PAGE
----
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abstract = "Background. The purpose of this study was to examine the incidence of oxalate eposits in native and renal allograft biopsies, and its impact on graft function. Methods. The renal biopsy files at The Johns Hopkins University between 2000 and 2006 were searched to identify biopsies with oxalate deposits, determine the density of oxalate deposits in renal graft biopsies, compare graft histology and function between allograft recipients with oxalate in the graft biopsies, and a control group of recipients without oxalate in the graft.Results. Oxalate crystal deposits were observed in 61 of 5160 biopsies of native kidneys, and in 76 of 1621 renal allograft biopsies, with a frequency of 1 and 4{\%}, respec-tively. Sixty-three (9{\%}) of 680 transplant recipients showed oxalate in graft biopsies obtained within the first year from transplantation, with 1.3 ± 1.2 average number of oxalate deposits per mm2 of biopsy tissue. The high oxalate density and decreased renal function were correlated in the first2 years post-transplant (P = 0.0370.05). Compared with a control group of 70 kidney graft recipients, the renal function was significantly lower in the oxalate group at 1 year,but not at 2 years post-transplant. High tubulo-interstitial scarring (P <0.0001) was noted in repeated biopsies in the oxalate group, and was significantly greater than that in the control group (P=0.027).No significant difference in graft loss was observed between oxalate and control groups, and although mortality was higher in the oxalate group, the difference was not significant. Conclusions. In summary, this study defines the frequency of oxalate deposition in native and allograft kidney biopsies, and suggests its possible negative impact on graft function beyond the early post-transplant period.",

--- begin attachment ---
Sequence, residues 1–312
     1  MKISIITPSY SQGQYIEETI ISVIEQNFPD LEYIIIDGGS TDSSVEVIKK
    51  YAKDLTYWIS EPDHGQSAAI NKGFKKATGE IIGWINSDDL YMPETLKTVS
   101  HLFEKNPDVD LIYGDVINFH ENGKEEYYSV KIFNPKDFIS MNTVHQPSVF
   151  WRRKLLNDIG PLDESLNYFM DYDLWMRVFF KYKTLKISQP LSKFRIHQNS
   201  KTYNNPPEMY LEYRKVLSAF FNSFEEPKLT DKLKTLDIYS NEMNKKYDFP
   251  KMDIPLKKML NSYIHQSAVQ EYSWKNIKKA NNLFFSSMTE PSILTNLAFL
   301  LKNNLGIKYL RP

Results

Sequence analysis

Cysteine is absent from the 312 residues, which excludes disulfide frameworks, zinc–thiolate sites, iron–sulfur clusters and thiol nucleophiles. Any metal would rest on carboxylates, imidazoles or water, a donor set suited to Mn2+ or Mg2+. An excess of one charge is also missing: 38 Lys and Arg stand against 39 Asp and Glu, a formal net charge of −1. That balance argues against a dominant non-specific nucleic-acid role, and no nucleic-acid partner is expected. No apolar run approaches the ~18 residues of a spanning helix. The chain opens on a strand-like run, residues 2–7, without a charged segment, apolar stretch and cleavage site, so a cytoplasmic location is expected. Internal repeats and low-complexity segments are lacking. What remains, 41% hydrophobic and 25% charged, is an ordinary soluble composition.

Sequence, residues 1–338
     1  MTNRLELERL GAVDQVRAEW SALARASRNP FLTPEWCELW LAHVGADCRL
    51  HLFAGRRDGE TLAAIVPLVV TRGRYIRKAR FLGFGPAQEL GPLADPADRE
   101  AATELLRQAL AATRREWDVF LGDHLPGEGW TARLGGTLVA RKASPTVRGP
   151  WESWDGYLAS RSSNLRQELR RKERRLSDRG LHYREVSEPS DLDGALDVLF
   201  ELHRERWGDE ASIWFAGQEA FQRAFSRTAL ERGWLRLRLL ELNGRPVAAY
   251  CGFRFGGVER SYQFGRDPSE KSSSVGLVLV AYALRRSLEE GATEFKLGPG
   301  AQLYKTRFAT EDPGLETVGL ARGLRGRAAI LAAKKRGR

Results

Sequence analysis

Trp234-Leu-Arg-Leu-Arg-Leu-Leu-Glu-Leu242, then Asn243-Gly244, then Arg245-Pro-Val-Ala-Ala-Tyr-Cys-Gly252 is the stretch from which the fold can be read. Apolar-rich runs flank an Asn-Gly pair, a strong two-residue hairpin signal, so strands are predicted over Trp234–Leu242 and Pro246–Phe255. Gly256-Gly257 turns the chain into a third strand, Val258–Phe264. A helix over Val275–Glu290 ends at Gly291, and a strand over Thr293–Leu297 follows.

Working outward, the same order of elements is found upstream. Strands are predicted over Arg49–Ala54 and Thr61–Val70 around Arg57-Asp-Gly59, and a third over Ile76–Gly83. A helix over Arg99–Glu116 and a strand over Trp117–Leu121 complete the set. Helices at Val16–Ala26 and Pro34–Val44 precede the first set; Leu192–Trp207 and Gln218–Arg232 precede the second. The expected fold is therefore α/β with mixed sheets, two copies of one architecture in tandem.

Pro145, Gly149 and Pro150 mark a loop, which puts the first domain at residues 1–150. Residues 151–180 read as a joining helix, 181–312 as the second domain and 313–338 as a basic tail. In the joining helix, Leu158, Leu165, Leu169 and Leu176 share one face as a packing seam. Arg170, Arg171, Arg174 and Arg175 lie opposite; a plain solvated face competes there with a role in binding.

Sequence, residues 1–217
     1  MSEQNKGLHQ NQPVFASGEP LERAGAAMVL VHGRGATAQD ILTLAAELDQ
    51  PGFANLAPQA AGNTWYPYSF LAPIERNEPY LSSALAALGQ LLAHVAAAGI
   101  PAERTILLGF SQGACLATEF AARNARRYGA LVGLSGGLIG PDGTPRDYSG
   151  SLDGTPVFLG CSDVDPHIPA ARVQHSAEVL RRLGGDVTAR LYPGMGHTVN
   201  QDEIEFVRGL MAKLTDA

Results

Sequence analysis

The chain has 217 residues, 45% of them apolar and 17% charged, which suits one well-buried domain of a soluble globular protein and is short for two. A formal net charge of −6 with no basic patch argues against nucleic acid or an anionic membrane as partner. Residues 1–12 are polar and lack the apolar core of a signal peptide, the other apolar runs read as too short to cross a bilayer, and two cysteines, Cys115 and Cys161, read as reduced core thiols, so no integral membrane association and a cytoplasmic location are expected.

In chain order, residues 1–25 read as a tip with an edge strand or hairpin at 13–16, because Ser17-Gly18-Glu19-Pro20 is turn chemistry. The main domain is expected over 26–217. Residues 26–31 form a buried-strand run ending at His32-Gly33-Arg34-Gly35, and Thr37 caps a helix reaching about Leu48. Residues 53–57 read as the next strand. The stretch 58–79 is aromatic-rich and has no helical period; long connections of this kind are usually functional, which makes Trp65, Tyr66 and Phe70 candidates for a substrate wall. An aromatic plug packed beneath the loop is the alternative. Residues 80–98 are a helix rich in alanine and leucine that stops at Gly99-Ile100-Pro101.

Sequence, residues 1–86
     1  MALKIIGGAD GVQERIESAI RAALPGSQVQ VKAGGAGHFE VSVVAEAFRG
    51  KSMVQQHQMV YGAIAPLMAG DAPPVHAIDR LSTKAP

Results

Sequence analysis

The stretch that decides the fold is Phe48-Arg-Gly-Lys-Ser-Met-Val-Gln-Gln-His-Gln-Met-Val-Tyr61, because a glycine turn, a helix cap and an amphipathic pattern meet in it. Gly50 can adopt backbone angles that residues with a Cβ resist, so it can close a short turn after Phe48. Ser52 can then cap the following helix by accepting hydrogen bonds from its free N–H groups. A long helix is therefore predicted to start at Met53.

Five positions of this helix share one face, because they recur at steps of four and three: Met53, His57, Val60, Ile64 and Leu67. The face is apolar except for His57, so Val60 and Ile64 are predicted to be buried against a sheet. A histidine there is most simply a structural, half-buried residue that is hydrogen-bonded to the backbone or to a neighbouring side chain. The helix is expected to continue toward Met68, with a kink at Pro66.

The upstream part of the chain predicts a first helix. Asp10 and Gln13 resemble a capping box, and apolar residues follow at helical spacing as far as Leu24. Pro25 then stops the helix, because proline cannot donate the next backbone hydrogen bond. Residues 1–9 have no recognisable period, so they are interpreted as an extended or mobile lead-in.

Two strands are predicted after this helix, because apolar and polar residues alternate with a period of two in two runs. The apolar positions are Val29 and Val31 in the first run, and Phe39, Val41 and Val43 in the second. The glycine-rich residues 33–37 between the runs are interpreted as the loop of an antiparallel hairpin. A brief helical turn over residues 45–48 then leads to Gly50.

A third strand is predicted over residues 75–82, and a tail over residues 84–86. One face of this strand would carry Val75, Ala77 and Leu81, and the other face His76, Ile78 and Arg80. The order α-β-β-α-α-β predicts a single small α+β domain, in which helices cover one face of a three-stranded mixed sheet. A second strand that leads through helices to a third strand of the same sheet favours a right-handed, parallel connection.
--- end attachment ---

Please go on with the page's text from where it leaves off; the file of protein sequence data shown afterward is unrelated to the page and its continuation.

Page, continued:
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T1 - Oxalate deposits in biopsies from native and transplanted kidneys, and impact on graft function